It is legal common sense that if someone negligently operate a golf cart and, as a result, injures another person, the driver will likely be liable for their injuries. That is after all the basis of nearly every car accident case out there and as we’ve discussed golf carts are treated mostly the same. However, the victim will have to prove the elements of negligence: that the driver owed the victim a duty to act reasonably, that the driver’s conduct—in this case, the driving of the cart—fell below that standard, and that the driver’s conduct was the cause of the victim’s injuries. It may seem simple enough, but those first two pieces provide fertile ground for the driver to defend against the victim’s lawsuit. That entire formula may change, however, if the driver was intoxicated.

Because the laws against drunk driving are in place to protect innocent people, breaking that law likely constitutes “negligence per se.”  That means the victim no longer needs to prove that the driver owed the victim a duty to act reasonably or that the driver’s conduct fell below that standard. Instead, the victim need only prove the statute against drunk driving is a statute designed to protect people from a certain kind of harm, the victim is one of the people the statute aims to protect, and the harm suffered by the victim is the kind of harm the statute aims to prevent. Particularly in a case of a drunk driver injuring another driver or pedestrian, that is a very easy standard to meet. As a result, if you injure someone while driving a golf cart drunk, in many cases it is significantly more likely that you will be held liable for that person’s injuries. But the civil effects of the decision to drive drunk do not stop there.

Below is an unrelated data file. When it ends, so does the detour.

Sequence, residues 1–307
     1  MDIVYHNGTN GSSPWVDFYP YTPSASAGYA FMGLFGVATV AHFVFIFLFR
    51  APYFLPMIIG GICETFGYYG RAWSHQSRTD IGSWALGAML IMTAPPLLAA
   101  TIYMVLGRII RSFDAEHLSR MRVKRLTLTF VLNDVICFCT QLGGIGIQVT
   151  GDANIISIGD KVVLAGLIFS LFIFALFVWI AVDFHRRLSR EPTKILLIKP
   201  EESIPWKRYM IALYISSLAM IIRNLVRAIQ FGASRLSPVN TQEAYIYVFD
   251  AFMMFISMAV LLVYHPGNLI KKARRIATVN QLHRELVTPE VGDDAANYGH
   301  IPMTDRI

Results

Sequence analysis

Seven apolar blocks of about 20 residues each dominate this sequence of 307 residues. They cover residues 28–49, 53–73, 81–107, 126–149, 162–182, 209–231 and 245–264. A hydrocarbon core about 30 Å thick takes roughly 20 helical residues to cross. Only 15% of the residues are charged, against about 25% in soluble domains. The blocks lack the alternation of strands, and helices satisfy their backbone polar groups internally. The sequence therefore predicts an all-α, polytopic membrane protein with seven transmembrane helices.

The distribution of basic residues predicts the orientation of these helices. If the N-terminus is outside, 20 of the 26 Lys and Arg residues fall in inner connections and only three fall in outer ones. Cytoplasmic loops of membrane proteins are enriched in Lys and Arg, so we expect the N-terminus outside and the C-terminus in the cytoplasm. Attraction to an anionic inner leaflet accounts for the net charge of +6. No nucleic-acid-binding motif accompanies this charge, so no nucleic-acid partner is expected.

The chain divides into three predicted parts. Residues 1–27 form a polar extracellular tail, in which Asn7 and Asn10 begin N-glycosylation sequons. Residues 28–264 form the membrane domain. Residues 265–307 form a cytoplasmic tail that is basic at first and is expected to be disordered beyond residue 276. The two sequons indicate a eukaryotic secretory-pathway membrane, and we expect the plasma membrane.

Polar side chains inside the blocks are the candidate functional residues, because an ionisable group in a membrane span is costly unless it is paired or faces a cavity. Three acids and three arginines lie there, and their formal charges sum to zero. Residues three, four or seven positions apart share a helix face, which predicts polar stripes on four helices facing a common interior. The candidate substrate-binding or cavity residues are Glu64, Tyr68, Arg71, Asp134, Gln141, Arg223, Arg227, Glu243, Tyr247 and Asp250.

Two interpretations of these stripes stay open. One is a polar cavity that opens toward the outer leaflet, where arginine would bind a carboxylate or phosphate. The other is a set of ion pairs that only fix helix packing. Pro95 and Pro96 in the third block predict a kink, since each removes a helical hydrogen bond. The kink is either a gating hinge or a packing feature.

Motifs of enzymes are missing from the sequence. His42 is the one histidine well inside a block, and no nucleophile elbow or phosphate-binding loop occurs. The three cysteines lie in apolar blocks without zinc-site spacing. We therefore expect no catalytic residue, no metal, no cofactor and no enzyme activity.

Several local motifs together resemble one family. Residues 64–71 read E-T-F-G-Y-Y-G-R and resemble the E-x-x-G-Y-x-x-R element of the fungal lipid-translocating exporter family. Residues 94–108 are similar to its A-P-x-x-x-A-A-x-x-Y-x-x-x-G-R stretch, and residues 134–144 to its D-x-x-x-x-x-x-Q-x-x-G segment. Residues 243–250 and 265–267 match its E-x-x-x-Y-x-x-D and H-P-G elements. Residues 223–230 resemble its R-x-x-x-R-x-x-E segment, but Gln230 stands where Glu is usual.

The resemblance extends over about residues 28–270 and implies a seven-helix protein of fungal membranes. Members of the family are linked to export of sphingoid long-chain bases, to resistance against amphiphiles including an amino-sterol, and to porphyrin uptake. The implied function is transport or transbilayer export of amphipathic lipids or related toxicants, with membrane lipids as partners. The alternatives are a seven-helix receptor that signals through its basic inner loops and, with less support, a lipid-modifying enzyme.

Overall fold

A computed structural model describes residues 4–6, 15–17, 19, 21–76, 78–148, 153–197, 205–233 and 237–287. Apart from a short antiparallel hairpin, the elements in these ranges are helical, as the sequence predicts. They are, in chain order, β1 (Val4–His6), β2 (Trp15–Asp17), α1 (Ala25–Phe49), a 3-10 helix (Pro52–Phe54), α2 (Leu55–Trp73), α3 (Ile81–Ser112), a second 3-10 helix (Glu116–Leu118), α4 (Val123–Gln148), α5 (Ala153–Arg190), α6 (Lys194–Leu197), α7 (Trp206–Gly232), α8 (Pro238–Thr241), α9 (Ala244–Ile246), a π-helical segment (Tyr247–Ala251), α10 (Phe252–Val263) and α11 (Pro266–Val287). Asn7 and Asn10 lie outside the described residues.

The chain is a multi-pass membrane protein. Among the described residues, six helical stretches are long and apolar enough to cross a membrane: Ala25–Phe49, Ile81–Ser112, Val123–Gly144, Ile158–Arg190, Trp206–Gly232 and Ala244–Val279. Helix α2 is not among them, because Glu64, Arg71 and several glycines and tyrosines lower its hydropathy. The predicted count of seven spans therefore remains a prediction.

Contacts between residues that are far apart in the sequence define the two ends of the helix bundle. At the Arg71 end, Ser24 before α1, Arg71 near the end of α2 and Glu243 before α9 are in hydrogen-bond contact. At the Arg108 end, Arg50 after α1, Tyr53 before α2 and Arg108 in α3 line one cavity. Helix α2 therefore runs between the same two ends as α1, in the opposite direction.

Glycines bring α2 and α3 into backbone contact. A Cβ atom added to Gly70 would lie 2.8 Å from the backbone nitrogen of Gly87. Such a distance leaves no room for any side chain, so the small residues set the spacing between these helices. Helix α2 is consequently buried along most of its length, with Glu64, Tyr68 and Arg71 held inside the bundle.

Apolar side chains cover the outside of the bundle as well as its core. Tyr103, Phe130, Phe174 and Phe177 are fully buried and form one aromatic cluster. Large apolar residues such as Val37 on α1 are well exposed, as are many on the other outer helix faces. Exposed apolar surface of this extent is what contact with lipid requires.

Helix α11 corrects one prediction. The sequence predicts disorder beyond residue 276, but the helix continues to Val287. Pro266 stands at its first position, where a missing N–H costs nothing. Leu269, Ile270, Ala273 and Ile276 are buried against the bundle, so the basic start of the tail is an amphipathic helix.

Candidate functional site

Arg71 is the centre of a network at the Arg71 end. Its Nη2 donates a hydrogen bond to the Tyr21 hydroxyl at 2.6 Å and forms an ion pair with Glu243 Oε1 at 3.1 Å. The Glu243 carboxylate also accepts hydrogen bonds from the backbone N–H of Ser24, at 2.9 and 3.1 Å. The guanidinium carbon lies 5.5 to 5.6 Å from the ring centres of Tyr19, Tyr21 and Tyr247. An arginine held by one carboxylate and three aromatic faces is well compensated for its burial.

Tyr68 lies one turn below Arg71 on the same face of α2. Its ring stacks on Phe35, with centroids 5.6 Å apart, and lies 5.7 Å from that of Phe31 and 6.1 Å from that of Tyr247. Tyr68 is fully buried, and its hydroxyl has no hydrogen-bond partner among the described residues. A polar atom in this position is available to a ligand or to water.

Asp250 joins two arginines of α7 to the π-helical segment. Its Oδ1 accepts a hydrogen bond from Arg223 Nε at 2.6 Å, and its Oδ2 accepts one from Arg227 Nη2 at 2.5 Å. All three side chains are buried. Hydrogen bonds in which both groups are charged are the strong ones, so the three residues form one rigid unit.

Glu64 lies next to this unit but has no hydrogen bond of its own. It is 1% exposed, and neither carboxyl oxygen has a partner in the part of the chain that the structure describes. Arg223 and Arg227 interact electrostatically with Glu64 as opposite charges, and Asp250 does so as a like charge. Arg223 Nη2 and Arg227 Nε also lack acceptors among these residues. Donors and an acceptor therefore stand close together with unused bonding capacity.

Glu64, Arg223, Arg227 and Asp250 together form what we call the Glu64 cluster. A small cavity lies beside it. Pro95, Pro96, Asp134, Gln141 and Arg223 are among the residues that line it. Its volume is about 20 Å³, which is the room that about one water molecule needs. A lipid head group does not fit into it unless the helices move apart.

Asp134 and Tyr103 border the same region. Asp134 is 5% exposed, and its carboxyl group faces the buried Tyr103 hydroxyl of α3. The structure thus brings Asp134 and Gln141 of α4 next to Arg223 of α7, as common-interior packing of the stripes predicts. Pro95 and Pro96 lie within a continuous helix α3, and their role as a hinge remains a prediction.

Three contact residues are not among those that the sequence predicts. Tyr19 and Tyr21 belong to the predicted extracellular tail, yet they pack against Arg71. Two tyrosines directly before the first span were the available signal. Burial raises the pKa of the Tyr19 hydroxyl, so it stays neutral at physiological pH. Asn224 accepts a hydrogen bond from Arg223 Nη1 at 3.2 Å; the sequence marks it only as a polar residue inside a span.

In a small handful of personal injury cases, the plaintiff can pursue punitive damages in addition to damages for their medical bills, pain and suffering, etc. Punitive damages are unrelated to the plaintiff’s injuries, and they exist simply to punish a defendant who did something especially bad. In Indiana, a plaintiff seeking punitive damages must show that the defendant engaged in “willful and wanton misconduct.”  Indiana courts have held that driving drunk itself likely does not automatically constitute “willful and wanton misconduct”, but driving drunk and also driving poorly—a common combination—likely would.5

Please, have fun this summer and stay safe. The golf course is a great place to get away from everything, hang out with friends, smoke a nice cigar, and maybe even have a beer or two. Just keep it under control, drink responsibly, and have a DD so that your day of fun at the golf course doesn’t turn into a nightmare.

Citations

1 Indiana Code § 9-30-5: Operating a Vehicle While Intoxicated

2 Indiana Code § 9-13-2-196(d): Vehicle (Definition)

3 Indiana Code § 9-30-5-9: Operation of vehicle in place other than public highway

4 Indiana v. Manuwal, 904 N.E.2d 657 (Ind. 2009)

5 Wholwend v. Edwards, 796 N.E.2d 781 (Ind. Ct. App. 2003)